[0045] Some examples of the disclosure are directed to a method for fabricating a touch screen, the method comprising: forming a first touch sensor electrode on a second surface of a substrate, the substrate having the second surface and a first surface that opposes the second surface, the first surface being a surface upon which a touch or proximity event is to be detected by the first touch sensor electrode; and forming a first display pixel including a first display pixel TFT on the second surface of the substrate, wherein the first touch sensor electrode is disposed between the second surface of the substrate and the first display pixel TFT. Additionally or alternatively to one or more of the examples disclosed above, in some examples, the substrate comprises a TFT glass substrate. Additionally or alternatively to one or more of the examples disclosed above, in some examples, the method further comprises: forming a first touch sensor routing electrically coupled to the first touch sensor electrode and configured to transmit one or more touch signals associated with the first touch sensor electrode to sense circuitry, wherein the first touch sensor routing is formed in a layer between the second surface of the substrate and the first display pixel TFT. Additionally or alternatively to one or more of the examples disclosed above, in some examples, the method further comprises:

forming a second touch sensor electrode on the second surface of the substrate; and forming a second touch sensor routing electrically coupled to the second touch sensor electrode, wherein the forming the first touch sensor electrode comprises forming the first touch sensor electrode with a gap at a location corresponding to a location of the second touch sensor routing in the touch screen. Additionally or alternatively to one or more of the examples disclosed above, in some examples, the method further comprises: forming a common electrode associated with the first display pixel and configured to control a luminance of the first display pixel; and forming a pixel electrode associated with the first display pixel and configured to control the luminance of the first display pixel, wherein the first touch sensor electrode is formed in a layer between the common electrode and the second surface of the substrate, and between the pixel electrode and the second surface of the substrate. Additionally or alternatively to one or more of the examples disclosed above, in some examples, the first touch sensor electrode comprises part of a pixelated self-capacitance touch sensor electrode pattern.

[0046] Although examples of this disclosure have been fully described with reference to the accompanying drawings, it is to be noted that various changes and modifications will become apparent to those skilled in the art. Such changes and modifications are to be understood as being included within the scope of examples of this disclosure as defined by the appended claims.

Claims

1. A touch screen comprising:
a substrate having a first surface upon which a touch or proximity event is to be detected, and a second surface that opposes the first surface; and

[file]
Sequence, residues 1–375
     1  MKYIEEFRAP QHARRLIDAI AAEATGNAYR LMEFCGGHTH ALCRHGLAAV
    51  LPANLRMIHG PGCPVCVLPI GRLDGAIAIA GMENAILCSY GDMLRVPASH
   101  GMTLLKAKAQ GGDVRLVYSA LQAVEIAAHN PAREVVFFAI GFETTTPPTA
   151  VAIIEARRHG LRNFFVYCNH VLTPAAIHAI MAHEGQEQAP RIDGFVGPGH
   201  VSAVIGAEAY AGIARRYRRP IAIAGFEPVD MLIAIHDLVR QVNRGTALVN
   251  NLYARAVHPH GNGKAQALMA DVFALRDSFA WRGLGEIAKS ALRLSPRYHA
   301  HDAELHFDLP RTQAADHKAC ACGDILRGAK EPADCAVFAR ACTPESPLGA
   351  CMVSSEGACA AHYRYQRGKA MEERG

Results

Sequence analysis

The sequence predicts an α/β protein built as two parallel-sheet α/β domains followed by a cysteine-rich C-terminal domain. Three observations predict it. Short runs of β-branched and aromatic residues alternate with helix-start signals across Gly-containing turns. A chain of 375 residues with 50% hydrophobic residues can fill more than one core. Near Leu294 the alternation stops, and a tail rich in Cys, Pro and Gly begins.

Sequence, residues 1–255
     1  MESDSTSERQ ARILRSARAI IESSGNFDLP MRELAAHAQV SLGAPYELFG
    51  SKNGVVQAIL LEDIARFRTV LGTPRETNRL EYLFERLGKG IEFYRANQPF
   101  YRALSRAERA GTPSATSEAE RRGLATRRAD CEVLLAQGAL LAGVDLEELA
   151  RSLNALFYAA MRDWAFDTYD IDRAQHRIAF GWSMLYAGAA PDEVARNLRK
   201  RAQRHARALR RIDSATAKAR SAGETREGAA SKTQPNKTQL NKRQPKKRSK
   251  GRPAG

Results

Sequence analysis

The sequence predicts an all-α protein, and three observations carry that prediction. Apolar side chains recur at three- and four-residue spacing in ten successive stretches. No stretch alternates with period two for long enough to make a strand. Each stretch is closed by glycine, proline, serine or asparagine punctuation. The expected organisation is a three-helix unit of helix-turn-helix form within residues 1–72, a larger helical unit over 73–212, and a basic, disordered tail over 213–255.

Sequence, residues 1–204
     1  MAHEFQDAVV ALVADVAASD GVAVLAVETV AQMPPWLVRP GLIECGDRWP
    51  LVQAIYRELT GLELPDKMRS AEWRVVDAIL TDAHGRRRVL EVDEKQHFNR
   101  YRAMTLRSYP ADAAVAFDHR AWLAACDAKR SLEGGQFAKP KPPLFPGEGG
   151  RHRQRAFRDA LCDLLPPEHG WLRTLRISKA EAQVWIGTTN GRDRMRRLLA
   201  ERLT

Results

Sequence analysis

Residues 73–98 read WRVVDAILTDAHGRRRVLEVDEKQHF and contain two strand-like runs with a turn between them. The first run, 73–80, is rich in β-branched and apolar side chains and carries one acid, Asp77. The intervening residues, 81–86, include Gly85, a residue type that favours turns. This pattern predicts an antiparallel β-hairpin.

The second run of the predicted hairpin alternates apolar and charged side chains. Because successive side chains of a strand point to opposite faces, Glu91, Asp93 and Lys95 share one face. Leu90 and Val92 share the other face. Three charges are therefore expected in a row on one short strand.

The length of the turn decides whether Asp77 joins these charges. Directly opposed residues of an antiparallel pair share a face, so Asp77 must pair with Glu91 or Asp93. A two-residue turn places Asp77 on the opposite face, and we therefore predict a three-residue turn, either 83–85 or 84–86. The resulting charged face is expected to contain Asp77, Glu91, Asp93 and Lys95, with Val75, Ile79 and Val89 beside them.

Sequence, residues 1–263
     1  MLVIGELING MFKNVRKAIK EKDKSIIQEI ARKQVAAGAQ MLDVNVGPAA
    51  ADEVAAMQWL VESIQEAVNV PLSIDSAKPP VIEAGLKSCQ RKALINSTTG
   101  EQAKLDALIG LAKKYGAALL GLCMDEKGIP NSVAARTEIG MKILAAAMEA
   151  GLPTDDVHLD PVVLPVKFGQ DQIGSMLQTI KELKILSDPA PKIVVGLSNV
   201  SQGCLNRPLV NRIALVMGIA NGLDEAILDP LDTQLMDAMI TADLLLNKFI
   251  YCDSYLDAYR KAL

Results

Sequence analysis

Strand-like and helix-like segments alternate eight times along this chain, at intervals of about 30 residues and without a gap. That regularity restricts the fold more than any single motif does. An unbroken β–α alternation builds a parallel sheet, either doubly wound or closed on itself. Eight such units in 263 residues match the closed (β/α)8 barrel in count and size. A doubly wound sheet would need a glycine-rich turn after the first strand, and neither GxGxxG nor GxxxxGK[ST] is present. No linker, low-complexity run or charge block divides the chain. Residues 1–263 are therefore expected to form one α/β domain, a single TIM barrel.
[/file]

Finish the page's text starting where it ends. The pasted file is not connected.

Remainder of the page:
a first touch sensor electrode and a first display pixel including a first display pixel TFT formed on the second surface of the substrate, wherein:
the first touch sensor electrode is disposed between the second surface of the substrate and the first display pixel TFT, and
the first touch sensor electrode is configured to detect the touch or proximity event.
2. The touch screen of claim 1, wherein the substrate comprises a TFT glass substrate.
3. The touch screen of claim 1, further comprising:
a first touch sensor routing electrically coupled to the first touch sensor electrode and configured to transmit one or more touch signals associated with the first touch sensor electrode to sense circuitry, wherein the first touch sensor routing is disposed in a layer between the second surface of the substrate and the first display pixel TFT.
4. The touch screen of claim 3, wherein the first touch sensor routing is disposed in a layer between the first touch sensor electrode and the first display pixel TFT.
5. The touch screen of claim 3, further comprising:
a second touch sensor routing electrically coupled to a second touch sensor electrode, the second touch sensor routing disposed in a layer between the second surface of the substrate and the first display pixel TFT,
wherein the first touch sensor electrode includes a gap at a location corresponding to a location of the second touch sensor routing in the touch screen.
6. The touch screen of claim 1, further comprising: a common electrode associated with the first display pixel and configured to control a luminance of the first display pixel; and
a pixel electrode associated with the first display pixel and configured to control the luminance of the first display pixel,
wherein the first touch sensor electrode is disposed in a layer between the common electrode and the second surface of the substrate, and between the pixel electrode and the second surface of the substrate.
7. The touch screen of claim 6, wherein the common electrode and the pixel electrode are disposed in one or more layers between the first display pixel TFT and a color filter associated with the first display pixel.
8. The touch screen of claim 3, further comprising a black mask disposed between the first touch sensor routing and the second surface of the substrate, the black mask configured to hide the first touch sensor routing on the touch screen.